(Katrina) As a vampire, I’m faster, stronger, and more durable than he is. I love him, so why wouldn’t I use my enhanced abilities to protect him? But since I’m a female and he’s a male suddenly he’s a wimp because I can throw a car at someone and he can’t? What kind of warped perspective is that? How ironic that nobody thought anything unusual about Edward Cullen when he protected the very vulnerable human, Isabella Swan, in Twilight. And besides, Caleb’s not a wimp. Thanks to my training, he’s a match for most any other human who might confront him. Granted, he wasn't overly capable when we first met, and he’s still learning, but give the guy a break. He merely needed proper mentorship....from me, a skilled combatant.
(Jaz) Your point is well made. 
(Katrina) Actually, isn’t it kind of retro-chauvinistic to think that a man shouldn’t need protection from a woman?
(Jaz) Actually, it would be retro-chauvinistic if a woman felt that way. I think it’s still chauvinism if a man feels that way.
*Katrina glares at Jaz*
*Jaz swallows*
(Jaz) I mean that respectfully, of course.
*Katrina rolls her eyes*
(Katrina) Anyway, it’s laughable that your manhood or sense of worthiness might be threatened merely by requiring my protection or for needing me to save you from a more powerful threat.
(Jaz) Well, not me, of course.
*Katrina snickers*
(Katrina) I was speaking of “your” metaphorically.
*Jaz blushes*
(Jaz) Um, certainly. Well, some readers have really panned Sunrise at Sunset because you seem very…dominant.
(Katrina) I’m a woman who, as a human, suffered the loss of her husband and two children because I was powerless to save them. I’m also a five hundred year old vampire who has spent her entire lifetime struggling to survive on her own spanning centuries when women were expected to be subservient. Do you realize there was a time in history when men used to rape or beat women who were too headstrong or opinionated? Never mind that many male vampires felt the same way. I have battled humans and vampires alike to maintain my independence and thrive, and I’ve become adept at doing both. Today, I’m not about to let anyone walk all over me -- or take the man that I love from me -- without a major fight. Yet, I can still be a loving, nurturing, and caring mate for Caleb. And he seems quite satisfied with my efforts.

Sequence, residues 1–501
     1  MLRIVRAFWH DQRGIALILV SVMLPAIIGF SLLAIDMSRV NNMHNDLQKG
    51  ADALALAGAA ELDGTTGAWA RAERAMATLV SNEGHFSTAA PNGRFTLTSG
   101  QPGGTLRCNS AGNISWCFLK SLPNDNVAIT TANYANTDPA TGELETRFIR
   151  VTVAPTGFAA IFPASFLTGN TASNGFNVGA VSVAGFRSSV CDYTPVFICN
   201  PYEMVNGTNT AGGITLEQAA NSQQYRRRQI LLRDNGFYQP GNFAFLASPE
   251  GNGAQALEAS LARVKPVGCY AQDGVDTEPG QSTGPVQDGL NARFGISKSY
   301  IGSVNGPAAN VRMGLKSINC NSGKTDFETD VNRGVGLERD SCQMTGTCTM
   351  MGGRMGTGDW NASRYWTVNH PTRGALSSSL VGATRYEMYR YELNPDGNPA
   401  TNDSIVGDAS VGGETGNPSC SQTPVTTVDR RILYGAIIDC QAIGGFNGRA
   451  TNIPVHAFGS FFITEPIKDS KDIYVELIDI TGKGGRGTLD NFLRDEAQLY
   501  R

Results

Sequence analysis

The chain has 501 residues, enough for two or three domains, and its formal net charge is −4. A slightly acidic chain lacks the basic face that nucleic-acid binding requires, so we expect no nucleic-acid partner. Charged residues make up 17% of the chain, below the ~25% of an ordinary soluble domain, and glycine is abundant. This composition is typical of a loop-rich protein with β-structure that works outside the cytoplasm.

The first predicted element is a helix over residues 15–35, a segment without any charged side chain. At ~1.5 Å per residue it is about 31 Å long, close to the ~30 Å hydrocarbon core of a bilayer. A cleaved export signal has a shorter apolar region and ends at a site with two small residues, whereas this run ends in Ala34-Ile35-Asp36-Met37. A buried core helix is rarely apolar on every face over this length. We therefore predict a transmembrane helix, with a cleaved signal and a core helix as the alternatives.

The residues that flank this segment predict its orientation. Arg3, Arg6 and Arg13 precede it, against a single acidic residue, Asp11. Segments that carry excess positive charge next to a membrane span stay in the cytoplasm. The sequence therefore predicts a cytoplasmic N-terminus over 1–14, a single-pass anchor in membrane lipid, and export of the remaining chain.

(Jaz) Indeed, he does.
(Katrina) Caleb is an excellent cook, and capably irons his own shirts, too. So, now he's a sissy-boy for that, as well?
(Jaz) Um, hardly.
(Katrina) Mm-hm. I thought not.
(Jaz) You make a compelling argument, to say the least. Thanks so much for your insights on the topic.
*Katrina smiles*
(Katrina) Anytime, Jaz.

I certainly don’t want to be a blog-hog, so I’ll close for now. I hope that everyone has enjoyed today’s topic and has had an opportunity to gain some insight about my Sunset Vampire Series. My sincere thanks to Jennifer for the opportunity to appear on Books and Barks. I’ve had a fun time, and this is a great blog site!


Special thanks to Jaz for taking the time to stop by and guest post with us today! Hope you enjoyed it, and don’t forget to leave any questions for him in the comments below.



3 comments:

  1. This is definately in my TBR pile :) Great review!! Jaz book sounds awesome!!!

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  2. Great...another book to add to my TBR pile ;) LOL great post Jaz and Katrina

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  3. Hi Jennifer and Jaz! Awesome post! It was interesting to read how you chose Katrina. I believe Katrina, Caleb and their relationship is what makes your series unique. The interview with Katrina was definitely fun to read! Great job!
    For a second chance at winning the first two books, (e copies), of the Sunset Vampire Series stop by http://alaskanbookcafe.blogspot.com